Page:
There it goes again. Most of us, at one time or another, have experienced eyelid twitches (also known as myokymia): mild, involuntary contractions of the orbicularis oculi muscle, located under the skin around the eyelid. Usually occurring on one side and in the lower lid, twitching tends to be short-lived, lasting a few seconds or minutes, but can recur over a few hours, days or longer.
Though these twitches can be annoying, for sure, they are usually nothing to worry about, says Eleanore T. Kim, M.D., a New York City-based ophthalmologist affiliated with NYU Langone Health: “Eyelid twitching is quite common, usually harmless, and usually goes away on its own.”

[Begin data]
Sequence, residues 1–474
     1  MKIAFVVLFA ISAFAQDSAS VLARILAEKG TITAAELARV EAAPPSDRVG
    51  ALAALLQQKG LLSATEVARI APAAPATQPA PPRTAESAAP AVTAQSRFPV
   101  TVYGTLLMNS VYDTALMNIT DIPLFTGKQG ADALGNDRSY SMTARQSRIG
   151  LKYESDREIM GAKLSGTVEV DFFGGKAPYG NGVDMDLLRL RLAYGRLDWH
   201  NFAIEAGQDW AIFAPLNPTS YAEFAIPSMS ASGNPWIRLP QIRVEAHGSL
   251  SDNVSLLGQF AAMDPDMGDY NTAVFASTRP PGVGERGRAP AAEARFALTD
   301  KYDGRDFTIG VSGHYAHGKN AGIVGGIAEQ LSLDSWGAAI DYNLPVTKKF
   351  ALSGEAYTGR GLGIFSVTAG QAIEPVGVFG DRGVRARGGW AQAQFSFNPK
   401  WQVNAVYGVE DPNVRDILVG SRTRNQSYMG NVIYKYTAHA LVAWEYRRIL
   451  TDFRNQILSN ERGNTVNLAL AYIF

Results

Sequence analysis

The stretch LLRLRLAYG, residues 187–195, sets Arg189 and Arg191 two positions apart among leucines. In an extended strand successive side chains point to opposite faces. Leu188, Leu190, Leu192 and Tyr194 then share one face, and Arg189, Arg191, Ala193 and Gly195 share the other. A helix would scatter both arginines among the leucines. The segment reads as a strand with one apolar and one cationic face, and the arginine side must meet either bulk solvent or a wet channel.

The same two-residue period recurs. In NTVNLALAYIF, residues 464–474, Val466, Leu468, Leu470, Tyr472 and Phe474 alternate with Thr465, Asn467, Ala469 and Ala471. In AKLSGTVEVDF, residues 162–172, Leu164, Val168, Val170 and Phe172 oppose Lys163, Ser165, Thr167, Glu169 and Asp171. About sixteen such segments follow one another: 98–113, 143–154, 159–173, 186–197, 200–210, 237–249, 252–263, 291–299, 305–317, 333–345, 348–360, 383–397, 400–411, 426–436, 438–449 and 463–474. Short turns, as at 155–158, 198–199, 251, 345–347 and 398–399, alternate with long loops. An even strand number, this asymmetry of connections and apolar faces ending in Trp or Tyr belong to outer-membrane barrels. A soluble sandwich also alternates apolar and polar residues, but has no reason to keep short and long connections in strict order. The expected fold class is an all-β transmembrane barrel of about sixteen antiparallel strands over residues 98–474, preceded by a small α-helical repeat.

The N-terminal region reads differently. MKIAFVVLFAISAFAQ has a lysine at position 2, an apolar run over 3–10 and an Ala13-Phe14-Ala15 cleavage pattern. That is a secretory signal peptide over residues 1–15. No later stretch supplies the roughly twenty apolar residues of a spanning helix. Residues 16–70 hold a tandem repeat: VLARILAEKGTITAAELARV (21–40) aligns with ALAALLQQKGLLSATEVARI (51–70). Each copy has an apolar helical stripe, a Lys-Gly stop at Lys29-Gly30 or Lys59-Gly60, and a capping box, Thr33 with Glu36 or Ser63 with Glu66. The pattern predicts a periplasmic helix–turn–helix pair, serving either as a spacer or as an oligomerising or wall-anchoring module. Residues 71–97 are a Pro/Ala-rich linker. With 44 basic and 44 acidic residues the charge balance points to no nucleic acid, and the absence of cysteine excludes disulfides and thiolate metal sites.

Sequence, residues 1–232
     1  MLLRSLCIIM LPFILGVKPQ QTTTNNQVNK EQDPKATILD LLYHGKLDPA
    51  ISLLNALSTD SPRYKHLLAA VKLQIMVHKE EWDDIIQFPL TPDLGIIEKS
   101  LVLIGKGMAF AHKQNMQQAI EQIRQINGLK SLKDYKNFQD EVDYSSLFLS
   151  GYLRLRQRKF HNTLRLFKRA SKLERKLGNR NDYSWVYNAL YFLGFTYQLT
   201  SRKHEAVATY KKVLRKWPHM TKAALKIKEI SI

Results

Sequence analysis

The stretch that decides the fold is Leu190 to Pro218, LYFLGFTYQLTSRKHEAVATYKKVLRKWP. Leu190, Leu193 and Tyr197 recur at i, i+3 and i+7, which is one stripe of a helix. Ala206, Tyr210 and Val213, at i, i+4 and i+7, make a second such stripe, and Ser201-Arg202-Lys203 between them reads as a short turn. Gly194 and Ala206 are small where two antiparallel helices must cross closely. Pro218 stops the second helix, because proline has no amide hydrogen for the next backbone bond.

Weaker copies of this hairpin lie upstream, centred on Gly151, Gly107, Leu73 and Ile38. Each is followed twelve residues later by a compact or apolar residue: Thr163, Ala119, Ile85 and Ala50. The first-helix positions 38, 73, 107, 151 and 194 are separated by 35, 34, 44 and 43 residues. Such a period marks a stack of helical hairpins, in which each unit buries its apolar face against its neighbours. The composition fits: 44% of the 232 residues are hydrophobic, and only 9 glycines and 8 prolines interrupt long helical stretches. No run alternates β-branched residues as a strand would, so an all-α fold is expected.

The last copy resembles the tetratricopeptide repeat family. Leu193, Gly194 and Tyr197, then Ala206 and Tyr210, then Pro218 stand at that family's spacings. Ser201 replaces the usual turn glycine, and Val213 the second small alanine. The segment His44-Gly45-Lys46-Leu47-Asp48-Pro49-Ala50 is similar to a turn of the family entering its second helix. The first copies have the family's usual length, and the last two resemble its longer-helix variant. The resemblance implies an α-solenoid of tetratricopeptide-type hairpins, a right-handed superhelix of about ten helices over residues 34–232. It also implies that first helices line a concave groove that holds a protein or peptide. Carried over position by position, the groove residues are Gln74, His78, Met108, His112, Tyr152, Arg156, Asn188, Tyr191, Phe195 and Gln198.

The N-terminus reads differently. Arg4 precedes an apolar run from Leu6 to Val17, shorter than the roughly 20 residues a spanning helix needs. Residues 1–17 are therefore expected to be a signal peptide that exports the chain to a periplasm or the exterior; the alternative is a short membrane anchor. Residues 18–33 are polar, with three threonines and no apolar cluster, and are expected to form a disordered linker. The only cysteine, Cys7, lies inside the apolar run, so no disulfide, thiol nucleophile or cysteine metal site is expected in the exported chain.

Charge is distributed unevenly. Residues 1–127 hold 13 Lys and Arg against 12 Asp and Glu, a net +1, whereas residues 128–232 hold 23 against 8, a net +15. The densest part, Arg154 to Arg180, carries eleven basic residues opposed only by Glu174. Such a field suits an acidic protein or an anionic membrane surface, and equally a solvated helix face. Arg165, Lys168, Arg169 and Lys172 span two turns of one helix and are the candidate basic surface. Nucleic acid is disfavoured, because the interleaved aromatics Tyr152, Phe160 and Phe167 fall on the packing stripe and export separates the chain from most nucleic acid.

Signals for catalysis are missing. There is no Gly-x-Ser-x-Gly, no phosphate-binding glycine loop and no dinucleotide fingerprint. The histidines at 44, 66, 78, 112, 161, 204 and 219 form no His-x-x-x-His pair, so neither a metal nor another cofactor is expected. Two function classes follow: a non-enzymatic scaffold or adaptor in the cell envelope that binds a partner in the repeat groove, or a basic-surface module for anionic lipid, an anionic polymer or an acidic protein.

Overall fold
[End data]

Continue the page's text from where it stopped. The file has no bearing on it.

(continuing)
Stress, fatigue, caffeine and alcohol. “One thing I ask patients who complain of twitching is, ‘How much caffeine do you drink a day?’” Kim says. Indeed, downing a lot of caffeinated beverages (such as coffee, tea, soft drinks and energy drinks) can cause quivering. She notes that caffeine increases sympathetic nerve activity, which may lead to more stimulation of the eye muscle.
A few small lifestyle tweaks may prevent bothersome twitches — for example, getting enough shut-eye (aim for seven to eight hours a night), carving out some time to de-stress during the day (say, 10 minutes of deep breathing or a walk around the neighborhood), and cutting back on the amount of soft drinks, java or vino you consume.